A Christian therapist/author writes that's "God’s Word holds the solution and his Spirit alone can heal the havoc of borderline personality disorder." She thinks that this scriptural perspective though "tough love" offers hope to people who have BPD.
The Syrian conflict has created the biggest humanitarian crisis since WWII yet over fifty percent of Americans oppose Syrian resettlement in the United States. Terror management theory, the principle of moral exclusion, and the study of prosocial behavior help explain why.
Everybody tends to think children have particular personality characteristics determined by their position in the family: firstborns are achievers, middle children are peacemakers, and the babies in the family are individualists. A new study shows how it isn't so.
Narcissists attach more importance to the physical attractiveness and status of potential mates than to whether or not their mate is a warm and caring person. But are narcissists really happier when they find that trophy partner? New research suggests that the answer is yes.
People are quite different in their appetite for risk. Are "risky types" risky in all their behaviors: in the workplace, in their personal relationships, in the way they drive, in what they eat and drink?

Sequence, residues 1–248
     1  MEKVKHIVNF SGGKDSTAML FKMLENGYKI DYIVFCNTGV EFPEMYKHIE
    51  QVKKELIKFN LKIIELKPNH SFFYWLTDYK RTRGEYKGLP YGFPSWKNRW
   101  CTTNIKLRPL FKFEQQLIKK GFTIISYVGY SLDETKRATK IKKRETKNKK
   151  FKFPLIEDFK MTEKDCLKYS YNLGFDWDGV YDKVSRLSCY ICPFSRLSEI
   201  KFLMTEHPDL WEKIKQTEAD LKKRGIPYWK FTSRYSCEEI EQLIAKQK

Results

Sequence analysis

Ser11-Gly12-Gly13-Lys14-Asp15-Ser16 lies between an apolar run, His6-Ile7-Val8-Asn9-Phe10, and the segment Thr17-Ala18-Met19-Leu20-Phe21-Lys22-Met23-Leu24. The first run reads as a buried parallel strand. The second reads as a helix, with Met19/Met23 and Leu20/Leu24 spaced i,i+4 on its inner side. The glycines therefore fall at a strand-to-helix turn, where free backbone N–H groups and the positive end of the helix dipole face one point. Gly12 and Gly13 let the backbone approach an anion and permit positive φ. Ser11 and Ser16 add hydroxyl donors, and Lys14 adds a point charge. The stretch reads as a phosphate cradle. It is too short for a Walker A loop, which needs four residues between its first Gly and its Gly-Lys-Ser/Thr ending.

You've surely heard or read the word "Mensch," which is a Yiddish-derived term reserved for a special human being, who is recognized by others to represent decency, honest and kindness, among other admirable qualities.
Some people seem possessed by their desire to look better than everyone else. Being in the presence of these people doesn’t have to demoralize you, once you learn the 4 tell-tale clues to their insecurities.
Personal experience often trumps scientific facts: We expect the oldest to be responsible, the middle child to rebel. New proof shows that birth order isn’t as influential as we think in determining adult personality or intelligence. Are you confusing birth order expectations with age difference?
People with narcissistic personality disorder think that they are deeply important and special. They constantly need admiration and flattery to feel good about themselves. They sometimes also struggle to look at others as anything more than just extensions of themselves, which often times can lead to control issues and abuse. Do we want a president with this disorder?
Historically, theorists argued that political ideology is not meaningful in our day-to-day lives. But the psychological record now demonstrates that ideology matters a great deal to our personal and social lives. In fact, some might argue that it now matters too much, influencing our basic perception and decision-making.